On Saturday, opposition party supporters urged voters to separate their grief from their ballot. They worry about a possible rallying effect around the flag that would motivate a vote of sympathy for the LDP or increase the turnout of supporters of the Conservative party. One of the buzzwords on Twitter in Japan was “a vote is not a funeral offering”.

Japanese media struggled to balance coverage of the assassination without favoring Abe’s ruling party in the campaign’s home stretch. One TV channel blurred the faces of the LDP candidates, but on another channel the presenters wore black clothes and focused heavily on Abe’s legacy.

The LDP, which has dominated Japanese politics since its founding in 1955, is expected to be victorious. If the party maintains or expands its control over the House of Councilors, it would pave the way for Kishida, elected in October, to adopt some of its most ambitious policy proposals.

Kishida has introduced a vague economic overhaul plan and plans to increase defense spending, a contentious issue in a country with a pacifist constitution that Abe had long tried to change.

Security around Abe’s Tokyo home had tightened overnight, with more police on the scene. Abe, one of Japan’s most recognizable and controversial politicians, has for a long time freely walked his dog and took selfies with passers-by without visible protection.

Japan’s National Police Agency has launched an investigation into the security protocols that were in place for Abe.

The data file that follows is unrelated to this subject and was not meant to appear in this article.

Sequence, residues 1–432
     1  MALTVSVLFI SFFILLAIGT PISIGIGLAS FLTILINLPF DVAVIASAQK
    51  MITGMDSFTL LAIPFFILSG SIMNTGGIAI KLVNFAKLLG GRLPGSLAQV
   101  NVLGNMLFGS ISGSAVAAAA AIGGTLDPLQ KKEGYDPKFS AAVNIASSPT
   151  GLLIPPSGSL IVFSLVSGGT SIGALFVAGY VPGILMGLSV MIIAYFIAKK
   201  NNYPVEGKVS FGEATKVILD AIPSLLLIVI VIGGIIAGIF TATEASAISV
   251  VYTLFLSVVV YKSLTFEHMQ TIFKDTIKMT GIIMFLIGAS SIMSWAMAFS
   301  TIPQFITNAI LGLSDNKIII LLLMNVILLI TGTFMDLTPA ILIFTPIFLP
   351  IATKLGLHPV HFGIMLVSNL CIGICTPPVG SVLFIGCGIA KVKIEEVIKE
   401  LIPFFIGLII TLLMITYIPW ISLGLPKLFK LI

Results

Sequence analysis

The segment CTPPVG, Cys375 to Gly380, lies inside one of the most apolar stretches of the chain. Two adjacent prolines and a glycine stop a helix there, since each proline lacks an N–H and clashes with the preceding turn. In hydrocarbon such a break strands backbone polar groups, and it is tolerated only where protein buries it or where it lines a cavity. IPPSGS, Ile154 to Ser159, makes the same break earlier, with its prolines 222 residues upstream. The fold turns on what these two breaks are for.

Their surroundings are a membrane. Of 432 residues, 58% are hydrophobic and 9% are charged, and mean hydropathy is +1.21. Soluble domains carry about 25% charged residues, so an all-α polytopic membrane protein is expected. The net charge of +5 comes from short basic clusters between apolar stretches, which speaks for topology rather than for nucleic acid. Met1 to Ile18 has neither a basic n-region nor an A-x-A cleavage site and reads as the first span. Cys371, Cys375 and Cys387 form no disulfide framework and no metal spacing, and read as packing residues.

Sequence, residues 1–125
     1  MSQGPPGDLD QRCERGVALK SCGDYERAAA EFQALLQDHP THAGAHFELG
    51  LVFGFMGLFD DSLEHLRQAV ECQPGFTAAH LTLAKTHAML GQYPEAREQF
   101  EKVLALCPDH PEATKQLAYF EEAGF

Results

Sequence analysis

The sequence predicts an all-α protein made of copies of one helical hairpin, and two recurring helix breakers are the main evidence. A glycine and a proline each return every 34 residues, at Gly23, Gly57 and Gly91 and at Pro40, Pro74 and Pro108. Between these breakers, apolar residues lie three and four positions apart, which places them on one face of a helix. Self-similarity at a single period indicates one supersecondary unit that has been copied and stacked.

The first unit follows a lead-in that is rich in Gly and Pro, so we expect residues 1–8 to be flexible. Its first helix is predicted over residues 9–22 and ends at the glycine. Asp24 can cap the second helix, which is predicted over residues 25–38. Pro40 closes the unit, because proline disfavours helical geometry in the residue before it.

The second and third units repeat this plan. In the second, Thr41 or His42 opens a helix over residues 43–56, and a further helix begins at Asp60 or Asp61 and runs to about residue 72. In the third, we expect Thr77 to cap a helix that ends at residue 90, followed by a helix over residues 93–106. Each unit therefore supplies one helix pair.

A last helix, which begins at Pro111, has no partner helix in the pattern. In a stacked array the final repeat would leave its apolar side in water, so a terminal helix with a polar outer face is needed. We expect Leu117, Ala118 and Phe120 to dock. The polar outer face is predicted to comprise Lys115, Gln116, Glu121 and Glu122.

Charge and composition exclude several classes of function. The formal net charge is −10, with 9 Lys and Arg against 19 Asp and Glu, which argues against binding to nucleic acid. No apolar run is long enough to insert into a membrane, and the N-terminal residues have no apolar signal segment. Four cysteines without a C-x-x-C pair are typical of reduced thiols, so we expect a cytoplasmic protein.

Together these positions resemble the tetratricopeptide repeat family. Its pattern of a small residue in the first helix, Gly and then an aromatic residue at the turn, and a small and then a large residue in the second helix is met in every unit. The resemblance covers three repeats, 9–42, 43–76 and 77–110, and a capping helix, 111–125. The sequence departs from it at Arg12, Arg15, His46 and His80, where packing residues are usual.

Abe was guarded by a team from the Nara Police Department and officers from the Tokyo Metropolitan Police Department, according to Japanese news outlet Jiji Press. Nara police said Friday night that they rushed to set up security because they had only been informed of Abe’s presence the day before the event.

What are the Japanese gun laws? Abe’s murder shocks a nation where shootings are rare.

Kishida spoke on the phone with President Biden on Saturday morning. After the shooting, Biden went to the Japanese ambassador’s residence in Washington and signed a condolence book.

“On behalf of the Biden family and all of America, we express our sincere sympathy to the Abe family and the people of Japan,” Biden wrote. “It’s not just a loss to his wife and family – and the Japanese people, but a loss to the world. A man of peace and judgment – he will be missed.

Abe, who was 67, remained a power broker in his party even after leaving office. He was a towering figure at home and abroad, coming from a prominent political family. He served a brief first term as prime minister in 2006, making him the youngest to serve as prime minister of post-war Japan.

He died of blood loss on Friday less than five hours after being shot in the neck and chest. The killer fired twice and the second caused both wounds, police said, raising questions about the type of weapon and ammunition used.

The shooting reverberated throughout the country, which has a low crime rate and some of the most restrictive gun laws in the world. Guns are rare, as are fatal shootings, of which there was exactly one in 2021.

Eight of Japan’s 10 shootings last year were yakuza-related, according to the National Police Agency, resulting in one death and four injuries.